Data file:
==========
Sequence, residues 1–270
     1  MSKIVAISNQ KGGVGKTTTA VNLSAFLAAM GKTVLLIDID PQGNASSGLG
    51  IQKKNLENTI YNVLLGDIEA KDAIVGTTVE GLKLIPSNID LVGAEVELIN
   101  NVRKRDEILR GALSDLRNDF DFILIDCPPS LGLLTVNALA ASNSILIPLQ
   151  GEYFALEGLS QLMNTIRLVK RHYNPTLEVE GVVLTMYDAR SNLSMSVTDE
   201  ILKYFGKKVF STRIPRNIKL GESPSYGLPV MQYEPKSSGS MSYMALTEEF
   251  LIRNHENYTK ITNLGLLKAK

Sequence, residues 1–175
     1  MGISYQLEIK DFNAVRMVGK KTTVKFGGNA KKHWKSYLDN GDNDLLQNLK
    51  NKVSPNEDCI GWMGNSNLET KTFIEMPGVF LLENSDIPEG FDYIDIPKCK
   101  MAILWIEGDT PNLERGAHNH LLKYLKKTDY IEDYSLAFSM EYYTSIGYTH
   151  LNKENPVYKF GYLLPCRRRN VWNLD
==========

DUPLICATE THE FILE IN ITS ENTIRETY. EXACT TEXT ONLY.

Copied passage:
Sequence, residues 1–270
     1  MSKIVAISNQ KGGVGKTTTA VNLSAFLAAM GKTVLLIDID PQGNASSGLG
    51  IQKKNLENTI YNVLLGDIEA KDAIVGTTVE GLKLIPSNID LVGAEVELIN
   101  NVRKRDEILR GALSDLRNDF DFILIDCPPS LGLLTVNALA ASNSILIPLQ
   151  GEYFALEGLS QLMNTIRLVK RHYNPTLEVE GVVLTMYDAR SNLSMSVTDE
   201  ILKYFGKKVF STRIPRNIKL GESPSYGLPV MQYEPKSSGS MSYMALTEEF
   251  LIRNHENYTK ITNLGLLKAK

Sequence, residues 1–175
     1  MGISYQLEIK DFNAVRMVGK KTTVKFGGNA KKHWKSYLDN GDNDLLQNLK
    51  NKVSPNEDCI GWMGNSNLET KTFIEMPGVF LLENSDIPEG FDYIDIPKCK
   101  MAILWIEGDT PNLERGAHNH LLKYLKKTDY IEDYSLAFSM EYYTSIGYTH
   151  LNKENPVYKF GYLLPCRRRN VWNLD